NEW YORK — U.S. stocks rose, giving the Standard & Poor’s 500 index its best weekly gain since July, as results from Google topped estimates and speculation grew that the Federal Reserve will delay cutting monetary stimulus.
Google rallied 14 percent to surpass $1,000 a share for the first time after reporting third-quarter sales that beat analysts’ projections. General Electric added 3.5 percent as demand for industrial products boosted earnings. Chipotle Mexican Grill surged 16 percent to a record as customer traffic rose. UnitedHealth Group slumped 3.7 percent, extending yesterday’s 5.1 percent slide after the insurer reported sales that fell short of analyst estimates.
The S&P 500 added 0.7 percent to 1,744.50, extending an all-time high. The gauge has rallied 2.4 in the past five days, for its biggest weekly advance since July 12. The Dow Jones industrial average added 28 points, or 0.2 percent, to 15,399.65. About 6.6 billion shares changed hands on U.S. exchanges, 12 percent higher the three-month average.
“People are looking at earnings but they’re also looking at what they think is going to happen next,” Sarah Hunt, an associate fund manager and analyst who helps oversee $4.5 billion at Purchase, N.Y.-based Alpine Woods Capital Investors, said in a phone interview. “After this political problem no one is expecting this to happen again in January. People are just looking for a little bit of a better economic backdrop to continue what’s been a pretty decent environment for stocks.”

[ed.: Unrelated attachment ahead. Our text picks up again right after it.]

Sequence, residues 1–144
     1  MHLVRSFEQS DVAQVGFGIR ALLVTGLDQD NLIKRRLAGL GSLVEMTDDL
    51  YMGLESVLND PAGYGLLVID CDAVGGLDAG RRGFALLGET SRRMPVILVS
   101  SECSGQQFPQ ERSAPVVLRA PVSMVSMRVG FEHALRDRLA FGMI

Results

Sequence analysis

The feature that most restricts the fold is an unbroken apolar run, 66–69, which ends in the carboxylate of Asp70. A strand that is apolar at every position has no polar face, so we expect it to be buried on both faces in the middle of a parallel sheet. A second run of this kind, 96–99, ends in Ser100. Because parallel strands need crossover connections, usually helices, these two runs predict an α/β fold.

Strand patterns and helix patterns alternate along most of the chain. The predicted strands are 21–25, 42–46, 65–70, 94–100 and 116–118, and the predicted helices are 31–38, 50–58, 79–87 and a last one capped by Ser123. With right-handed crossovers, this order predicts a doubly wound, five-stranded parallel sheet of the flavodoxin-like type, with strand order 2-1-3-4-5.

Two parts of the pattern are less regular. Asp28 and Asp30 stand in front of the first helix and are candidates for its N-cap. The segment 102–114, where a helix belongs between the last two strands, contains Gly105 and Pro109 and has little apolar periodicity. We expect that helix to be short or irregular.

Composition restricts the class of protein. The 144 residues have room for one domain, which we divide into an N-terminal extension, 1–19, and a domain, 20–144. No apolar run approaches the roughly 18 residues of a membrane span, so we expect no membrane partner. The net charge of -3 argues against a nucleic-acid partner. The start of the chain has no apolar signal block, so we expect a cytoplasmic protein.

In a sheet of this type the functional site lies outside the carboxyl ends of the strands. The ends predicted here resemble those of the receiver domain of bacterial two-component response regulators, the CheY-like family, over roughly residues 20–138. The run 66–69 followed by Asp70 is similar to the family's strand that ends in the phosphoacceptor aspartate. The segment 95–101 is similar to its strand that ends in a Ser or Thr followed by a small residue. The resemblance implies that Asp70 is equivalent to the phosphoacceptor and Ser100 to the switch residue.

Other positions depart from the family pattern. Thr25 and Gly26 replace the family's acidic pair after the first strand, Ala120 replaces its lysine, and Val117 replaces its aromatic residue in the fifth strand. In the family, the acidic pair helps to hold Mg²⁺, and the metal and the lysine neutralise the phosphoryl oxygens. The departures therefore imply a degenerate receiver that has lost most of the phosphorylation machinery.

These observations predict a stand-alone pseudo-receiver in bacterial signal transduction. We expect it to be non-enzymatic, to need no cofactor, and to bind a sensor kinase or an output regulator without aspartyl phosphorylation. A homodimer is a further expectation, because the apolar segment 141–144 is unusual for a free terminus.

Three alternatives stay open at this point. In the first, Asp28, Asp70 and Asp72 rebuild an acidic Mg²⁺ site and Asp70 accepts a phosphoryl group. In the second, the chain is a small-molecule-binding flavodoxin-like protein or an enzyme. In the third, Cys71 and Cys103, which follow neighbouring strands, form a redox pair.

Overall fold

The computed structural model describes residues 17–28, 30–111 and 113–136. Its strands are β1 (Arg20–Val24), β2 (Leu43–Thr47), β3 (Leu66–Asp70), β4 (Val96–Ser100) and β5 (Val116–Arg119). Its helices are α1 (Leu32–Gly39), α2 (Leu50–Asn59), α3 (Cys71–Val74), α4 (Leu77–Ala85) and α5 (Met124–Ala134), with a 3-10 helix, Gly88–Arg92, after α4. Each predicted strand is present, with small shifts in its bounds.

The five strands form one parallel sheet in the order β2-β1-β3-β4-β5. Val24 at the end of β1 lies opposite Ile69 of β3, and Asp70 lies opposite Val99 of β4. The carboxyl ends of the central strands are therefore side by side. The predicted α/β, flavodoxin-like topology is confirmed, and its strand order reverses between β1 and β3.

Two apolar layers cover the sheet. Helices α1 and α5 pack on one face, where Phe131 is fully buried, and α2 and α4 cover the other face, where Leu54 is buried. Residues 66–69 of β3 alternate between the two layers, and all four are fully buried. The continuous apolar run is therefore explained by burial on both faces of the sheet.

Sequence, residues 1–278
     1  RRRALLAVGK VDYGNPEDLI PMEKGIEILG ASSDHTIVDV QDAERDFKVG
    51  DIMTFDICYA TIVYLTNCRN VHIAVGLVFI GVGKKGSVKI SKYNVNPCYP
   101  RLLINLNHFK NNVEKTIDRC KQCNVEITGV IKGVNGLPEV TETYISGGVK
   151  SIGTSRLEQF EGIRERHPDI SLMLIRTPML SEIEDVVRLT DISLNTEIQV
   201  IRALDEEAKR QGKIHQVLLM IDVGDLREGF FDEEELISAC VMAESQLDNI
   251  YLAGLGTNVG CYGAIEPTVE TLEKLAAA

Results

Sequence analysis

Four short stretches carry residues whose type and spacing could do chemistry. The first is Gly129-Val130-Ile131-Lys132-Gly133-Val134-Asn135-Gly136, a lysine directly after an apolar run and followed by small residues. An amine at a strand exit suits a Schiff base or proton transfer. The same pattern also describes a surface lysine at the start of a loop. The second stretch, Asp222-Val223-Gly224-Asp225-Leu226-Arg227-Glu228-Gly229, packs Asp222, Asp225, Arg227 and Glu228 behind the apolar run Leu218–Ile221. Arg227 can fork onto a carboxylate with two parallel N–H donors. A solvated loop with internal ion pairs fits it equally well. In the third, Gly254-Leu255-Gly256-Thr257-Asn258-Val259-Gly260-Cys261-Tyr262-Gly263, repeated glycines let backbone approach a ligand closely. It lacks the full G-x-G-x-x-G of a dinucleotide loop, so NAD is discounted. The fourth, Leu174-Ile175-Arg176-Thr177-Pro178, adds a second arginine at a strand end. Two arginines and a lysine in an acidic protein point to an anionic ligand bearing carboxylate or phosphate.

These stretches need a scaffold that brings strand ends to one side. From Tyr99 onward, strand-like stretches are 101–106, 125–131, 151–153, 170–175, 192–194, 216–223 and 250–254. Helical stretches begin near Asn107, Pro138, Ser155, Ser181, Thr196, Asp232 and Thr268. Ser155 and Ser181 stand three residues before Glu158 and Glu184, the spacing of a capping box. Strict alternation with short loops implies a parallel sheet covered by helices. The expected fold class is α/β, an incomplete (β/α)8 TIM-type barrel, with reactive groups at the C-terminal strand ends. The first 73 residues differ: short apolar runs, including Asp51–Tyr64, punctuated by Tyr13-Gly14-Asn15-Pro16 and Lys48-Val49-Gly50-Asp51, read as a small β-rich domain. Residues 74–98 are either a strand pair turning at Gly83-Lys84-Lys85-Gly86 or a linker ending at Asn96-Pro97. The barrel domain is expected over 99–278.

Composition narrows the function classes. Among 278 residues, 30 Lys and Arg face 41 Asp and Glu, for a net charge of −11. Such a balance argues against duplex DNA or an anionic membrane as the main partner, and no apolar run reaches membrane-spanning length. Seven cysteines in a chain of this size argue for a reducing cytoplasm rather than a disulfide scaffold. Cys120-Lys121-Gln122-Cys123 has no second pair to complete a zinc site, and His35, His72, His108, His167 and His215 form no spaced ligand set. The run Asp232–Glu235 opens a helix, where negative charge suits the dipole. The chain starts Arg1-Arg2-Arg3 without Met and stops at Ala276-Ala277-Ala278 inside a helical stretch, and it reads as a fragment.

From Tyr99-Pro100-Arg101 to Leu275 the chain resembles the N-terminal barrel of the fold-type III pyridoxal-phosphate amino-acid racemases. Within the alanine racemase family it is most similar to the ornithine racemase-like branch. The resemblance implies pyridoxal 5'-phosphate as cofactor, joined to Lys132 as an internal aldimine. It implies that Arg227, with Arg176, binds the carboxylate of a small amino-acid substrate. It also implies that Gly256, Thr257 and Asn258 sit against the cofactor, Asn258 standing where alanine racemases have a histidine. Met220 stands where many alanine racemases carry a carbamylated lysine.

The S&P 500 closed Thursday at a record of 1,733.15 after Congress ended the standoff over the federal budget and borrowing authority. The 16-day government shutdown reduced growth by 0.3 percentage point this quarter, economists said in a Bloomberg News survey.
The slower growth and delayed reporting of economic data will prevent Fed policy makers from paring the monthly pace of asset buying until their March 18-19 meeting, according to the median of 40 responses by economists in the survey conducted yesterday and today. Economists had expected the central bank to reduce purchases to $80 billion last month, according to a Bloomberg survey before the September meeting.